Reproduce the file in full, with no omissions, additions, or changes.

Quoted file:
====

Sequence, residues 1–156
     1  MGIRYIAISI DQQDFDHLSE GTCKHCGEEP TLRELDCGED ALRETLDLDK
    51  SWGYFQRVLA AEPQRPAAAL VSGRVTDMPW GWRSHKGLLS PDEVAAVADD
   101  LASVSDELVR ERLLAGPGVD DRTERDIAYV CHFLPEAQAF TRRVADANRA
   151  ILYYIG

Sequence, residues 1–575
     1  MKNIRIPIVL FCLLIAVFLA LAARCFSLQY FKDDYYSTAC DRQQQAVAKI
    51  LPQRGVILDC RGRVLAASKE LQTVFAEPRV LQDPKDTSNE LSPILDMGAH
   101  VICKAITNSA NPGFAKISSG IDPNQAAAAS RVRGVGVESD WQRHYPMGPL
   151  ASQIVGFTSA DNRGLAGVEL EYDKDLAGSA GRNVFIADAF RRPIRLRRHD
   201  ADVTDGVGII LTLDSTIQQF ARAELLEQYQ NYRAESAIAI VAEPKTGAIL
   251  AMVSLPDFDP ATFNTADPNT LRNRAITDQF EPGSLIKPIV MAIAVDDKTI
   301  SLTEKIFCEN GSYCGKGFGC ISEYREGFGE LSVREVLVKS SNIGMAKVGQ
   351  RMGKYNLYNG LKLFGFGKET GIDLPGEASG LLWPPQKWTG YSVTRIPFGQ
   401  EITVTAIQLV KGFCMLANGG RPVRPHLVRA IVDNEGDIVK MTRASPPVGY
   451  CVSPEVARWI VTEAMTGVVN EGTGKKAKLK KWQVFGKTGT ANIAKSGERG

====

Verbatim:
Sequence, residues 1–156
     1  MGIRYIAISI DQQDFDHLSE GTCKHCGEEP TLRELDCGED ALRETLDLDK
    51  SWGYFQRVLA AEPQRPAAAL VSGRVTDMPW GWRSHKGLLS PDEVAAVADD
   101  LASVSDELVR ERLLAGPGVD DRTERDIAYV CHFLPEAQAF TRRVADANRA
   151  ILYYIG

Sequence, residues 1–575
     1  MKNIRIPIVL FCLLIAVFLA LAARCFSLQY FKDDYYSTAC DRQQQAVAKI
    51  LPQRGVILDC RGRVLAASKE LQTVFAEPRV LQDPKDTSNE LSPILDMGAH
   101  VICKAITNSA NPGFAKISSG IDPNQAAAAS RVRGVGVESD WQRHYPMGPL
   151  ASQIVGFTSA DNRGLAGVEL EYDKDLAGSA GRNVFIADAF RRPIRLRRHD
   201  ADVTDGVGII LTLDSTIQQF ARAELLEQYQ NYRAESAIAI VAEPKTGAIL
   251  AMVSLPDFDP ATFNTADPNT LRNRAITDQF EPGSLIKPIV MAIAVDDKTI
   301  SLTEKIFCEN GSYCGKGFGC ISEYREGFGE LSVREVLVKS SNIGMAKVGQ
   351  RMGKYNLYNG LKLFGFGKET GIDLPGEASG LLWPPQKWTG YSVTRIPFGQ
   401  EITVTAIQLV KGFCMLANGG RPVRPHLVRA IVDNEGDIVK MTRASPPVGY
   451  CVSPEVARWI VTEAMTGVVN EGTGKKAKLK KWQVFGKTGT ANIAKSGERG